6

I've been reading up about the repository pattern, with a view to implementing it in my own application. Almost all examples I've found on the internet use some kind of existing framework rather than showing how to implement it 'from scratch'. Here's my first thoughts of how I might implement it - I was wondering if anyone could advise me on whether this is correct?

I have two tables, named CONTAINERS and BITS. Each CONTAINER can contain any number of BITs. I represent them as two classes:

class Container{
    private $bits;
    private $id;
    //...and a property for each column in the table...

    public function __construct(){
        $this->bits = array();
    } 

    public function addBit($bit){
        $this->bits[] = $bit;
    }

    //...getters and setters...
}

class Bit{
    //some properties, methods etc...
}

Each class will have a property for each column in its respective table. I then have a couple of 'repositories' which handle things to do with saving/retrieving these objects from the database:

//repository to control saving/retrieving Containers from the database
class ContainerRepository{

    //inject the bit repository for use later
    public function __construct($bitRepo){
        $this->bitRepo = $bitRepo;
    }

    public function getById($id){
        //talk directly to Oracle here to all column data into the object 

        //get all the bits in the container
        $bits = $this->bitRepo->getByContainerId($id);
        foreach($bits as $bit){
            $container->addBit($bit);
        }

        //return an instance of Container
    }

    public function persist($container){
      //talk directly to Oracle here to save it to the database
        //if its ID is NULL, create a new container in database, otherwise update the existing one

        //use BitRepository to save each of the Bits inside the Container
        $bitRepo = $this->bitRepo;
        foreach($container->bits as $bit){
            $bitRepo->persist($bit);
        }
    }
}

//repository to control saving/retrieving Bits from the database
class BitRepository{
    public function getById($id){}
    public function getByContainerId($containerId){}
    public function persist($bit){}
}

Therefore, the code I would use to get an instance of Container from the database would be:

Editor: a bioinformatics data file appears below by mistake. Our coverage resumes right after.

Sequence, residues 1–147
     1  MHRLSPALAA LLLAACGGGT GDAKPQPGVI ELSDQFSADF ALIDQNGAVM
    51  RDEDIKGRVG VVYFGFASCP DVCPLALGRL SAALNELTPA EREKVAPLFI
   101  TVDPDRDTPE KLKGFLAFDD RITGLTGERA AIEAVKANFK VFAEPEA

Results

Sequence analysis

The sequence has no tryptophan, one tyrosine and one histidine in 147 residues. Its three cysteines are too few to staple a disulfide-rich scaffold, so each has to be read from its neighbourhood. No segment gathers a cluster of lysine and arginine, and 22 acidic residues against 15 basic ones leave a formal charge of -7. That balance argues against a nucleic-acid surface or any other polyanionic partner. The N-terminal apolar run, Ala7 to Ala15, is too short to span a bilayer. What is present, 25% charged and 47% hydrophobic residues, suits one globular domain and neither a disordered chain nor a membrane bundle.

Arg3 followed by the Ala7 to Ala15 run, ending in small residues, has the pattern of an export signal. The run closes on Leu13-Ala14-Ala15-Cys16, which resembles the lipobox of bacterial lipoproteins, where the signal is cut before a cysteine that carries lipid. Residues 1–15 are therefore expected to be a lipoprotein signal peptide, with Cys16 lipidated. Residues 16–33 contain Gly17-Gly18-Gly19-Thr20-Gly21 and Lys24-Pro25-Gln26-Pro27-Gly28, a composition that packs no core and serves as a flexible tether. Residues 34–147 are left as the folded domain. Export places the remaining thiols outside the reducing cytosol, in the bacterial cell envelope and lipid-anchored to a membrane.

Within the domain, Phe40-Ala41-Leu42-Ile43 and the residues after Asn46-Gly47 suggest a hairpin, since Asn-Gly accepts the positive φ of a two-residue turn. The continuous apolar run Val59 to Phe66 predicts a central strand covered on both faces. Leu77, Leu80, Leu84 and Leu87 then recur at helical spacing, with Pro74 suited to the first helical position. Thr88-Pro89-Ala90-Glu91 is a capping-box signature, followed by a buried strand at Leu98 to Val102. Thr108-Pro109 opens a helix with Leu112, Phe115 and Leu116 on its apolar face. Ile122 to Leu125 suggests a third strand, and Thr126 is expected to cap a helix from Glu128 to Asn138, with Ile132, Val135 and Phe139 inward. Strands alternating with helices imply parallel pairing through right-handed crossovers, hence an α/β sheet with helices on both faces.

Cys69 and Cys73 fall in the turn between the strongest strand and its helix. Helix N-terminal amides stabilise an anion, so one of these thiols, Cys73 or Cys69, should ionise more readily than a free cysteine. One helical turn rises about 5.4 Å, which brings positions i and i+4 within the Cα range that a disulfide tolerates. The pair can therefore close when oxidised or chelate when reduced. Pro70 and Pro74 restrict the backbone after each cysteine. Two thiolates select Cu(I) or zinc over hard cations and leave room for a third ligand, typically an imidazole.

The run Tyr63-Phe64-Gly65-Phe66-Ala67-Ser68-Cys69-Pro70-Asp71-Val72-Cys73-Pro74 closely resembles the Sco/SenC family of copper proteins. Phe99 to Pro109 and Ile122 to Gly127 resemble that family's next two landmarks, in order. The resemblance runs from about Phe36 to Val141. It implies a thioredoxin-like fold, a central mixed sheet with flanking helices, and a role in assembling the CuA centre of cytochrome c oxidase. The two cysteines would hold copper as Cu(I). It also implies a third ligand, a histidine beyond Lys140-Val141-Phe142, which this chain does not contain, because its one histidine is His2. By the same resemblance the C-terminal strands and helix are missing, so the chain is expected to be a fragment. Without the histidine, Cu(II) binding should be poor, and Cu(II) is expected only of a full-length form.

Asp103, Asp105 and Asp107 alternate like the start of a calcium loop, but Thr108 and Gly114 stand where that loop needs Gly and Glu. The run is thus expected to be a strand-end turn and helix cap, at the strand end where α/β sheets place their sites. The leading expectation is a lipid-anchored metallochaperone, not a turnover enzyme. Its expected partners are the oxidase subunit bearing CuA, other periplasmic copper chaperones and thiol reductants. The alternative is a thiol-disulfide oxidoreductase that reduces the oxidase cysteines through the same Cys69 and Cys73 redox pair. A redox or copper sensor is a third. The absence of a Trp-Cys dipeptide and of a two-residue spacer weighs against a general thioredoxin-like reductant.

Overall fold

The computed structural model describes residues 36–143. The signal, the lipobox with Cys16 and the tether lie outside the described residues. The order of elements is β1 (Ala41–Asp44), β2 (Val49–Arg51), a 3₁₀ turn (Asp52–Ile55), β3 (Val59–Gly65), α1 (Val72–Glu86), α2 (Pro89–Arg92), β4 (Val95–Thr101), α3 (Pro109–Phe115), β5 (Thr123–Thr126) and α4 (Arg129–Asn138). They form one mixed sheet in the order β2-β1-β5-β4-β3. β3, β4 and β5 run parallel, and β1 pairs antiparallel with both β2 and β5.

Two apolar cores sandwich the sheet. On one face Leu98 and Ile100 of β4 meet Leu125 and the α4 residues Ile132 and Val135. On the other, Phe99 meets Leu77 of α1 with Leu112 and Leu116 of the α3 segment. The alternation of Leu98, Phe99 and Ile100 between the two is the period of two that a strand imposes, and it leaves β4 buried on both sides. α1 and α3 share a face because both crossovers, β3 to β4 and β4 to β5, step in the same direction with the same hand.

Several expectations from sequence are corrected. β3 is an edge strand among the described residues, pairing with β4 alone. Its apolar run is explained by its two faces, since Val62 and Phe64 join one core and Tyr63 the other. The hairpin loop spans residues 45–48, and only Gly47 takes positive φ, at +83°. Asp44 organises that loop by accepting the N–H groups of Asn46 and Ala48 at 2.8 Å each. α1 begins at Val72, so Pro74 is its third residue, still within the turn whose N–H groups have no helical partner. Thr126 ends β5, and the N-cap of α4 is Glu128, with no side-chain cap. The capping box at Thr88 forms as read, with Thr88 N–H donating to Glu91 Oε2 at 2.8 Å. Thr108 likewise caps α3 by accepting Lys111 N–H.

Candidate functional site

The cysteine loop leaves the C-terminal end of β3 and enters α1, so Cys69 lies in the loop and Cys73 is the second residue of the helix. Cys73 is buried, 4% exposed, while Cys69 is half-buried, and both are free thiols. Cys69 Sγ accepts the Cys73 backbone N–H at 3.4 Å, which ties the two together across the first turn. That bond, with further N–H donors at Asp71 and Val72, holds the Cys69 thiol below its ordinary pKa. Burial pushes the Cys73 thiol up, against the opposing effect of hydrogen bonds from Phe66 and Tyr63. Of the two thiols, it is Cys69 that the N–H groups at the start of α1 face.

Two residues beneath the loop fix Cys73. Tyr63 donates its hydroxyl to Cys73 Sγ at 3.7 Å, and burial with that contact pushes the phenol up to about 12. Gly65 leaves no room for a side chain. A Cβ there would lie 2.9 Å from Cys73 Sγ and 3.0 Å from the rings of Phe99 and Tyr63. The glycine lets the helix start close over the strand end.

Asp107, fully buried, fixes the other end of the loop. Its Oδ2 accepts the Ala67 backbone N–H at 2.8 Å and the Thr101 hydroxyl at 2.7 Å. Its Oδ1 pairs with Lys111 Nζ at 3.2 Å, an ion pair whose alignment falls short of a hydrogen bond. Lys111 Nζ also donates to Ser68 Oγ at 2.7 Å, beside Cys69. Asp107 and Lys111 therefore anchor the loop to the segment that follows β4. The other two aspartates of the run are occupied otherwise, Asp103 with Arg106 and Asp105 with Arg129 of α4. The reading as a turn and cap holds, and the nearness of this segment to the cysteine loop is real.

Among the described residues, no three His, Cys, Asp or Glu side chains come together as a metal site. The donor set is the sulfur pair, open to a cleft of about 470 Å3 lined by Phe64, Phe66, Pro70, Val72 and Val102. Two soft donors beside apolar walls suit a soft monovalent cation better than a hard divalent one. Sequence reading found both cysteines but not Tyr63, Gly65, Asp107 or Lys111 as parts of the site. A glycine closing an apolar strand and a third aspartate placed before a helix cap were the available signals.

$bitRepo = new BitRepository();
$containerRepo = new ContainerRepository($bitRepo);
$container = $containerRepo->getById($id);

Or to create a new one and save to the database:

$bitRepo = new BitRepository();
$containerRepo = new ContainerRepository($bitRepo);

$container = new Container();
$container->setSomeProperty(1);
$bit = new Bit();
$container->addBit($bit);
$containerRepo->persist($container);

Can someone advise me as to whether I have implemented this pattern correctly? Thanks!

  • 1
    +1 for a clear, on-topic question with readable PHP code in it, especially since it is your first question on Programmers.SE. – Arseni Mourzenko Aug 19 '14 at 16:49
  • Thanks, wasn't sure if the question would be closed for being 'too opinion oriented' as it probably would on Stack Overflow! I'm just starting to learn about design patterns so expect a lot more of these questions in the coming months! – user1578653 Aug 20 '14 at 9:22
4

The implementation looks correct for me.

The approach may not scale well, because:

  • You recreate an object every time in getById,

  • You loop through all the objects in persist, while maybe only one changed,

But doing premature optimization would be worse: if performance corresponds to your expectations right now, don't change anything.

Later, if performance becomes an issue, consider:

  • Implementing caching strategy (given that it will probably be outside the repository, as an additional layer between the repository and the code which uses the repository),

  • Using observer pattern to track the changes in the objects: this way, when persisting changes, you don't need to do extra work, and can update only the data which actually changed.

3

I think you are doing more of a Data Mapper, and as such, it seems correct to me.

In a strict DDD (Domain driven design) point of view, the Repository pattern is one of the most misunderstood/misused patterns. In many examples you will find online, the "repository" is implemented as a database abstraction layer, often implemented with an ORM. However, in a DDD context, a Repository is a collection of Aggregates, not belonging in the data access layer, but in the domain/business logic layer of the application. An Aggregate encapsulates a cluster of objects in order to protect it's invariants, exposing only it's root entity (check this question for more details: https://stackoverflow.com/questions/1958621/whats-an-aggregate-root).

I would "forget" about the Repository pattern and take a look at CQRS (Command Query Responsibility Segregation) instead. If your application contains complex business logic, it might be a good idea to implement it with the tactical patterns of DDD though.

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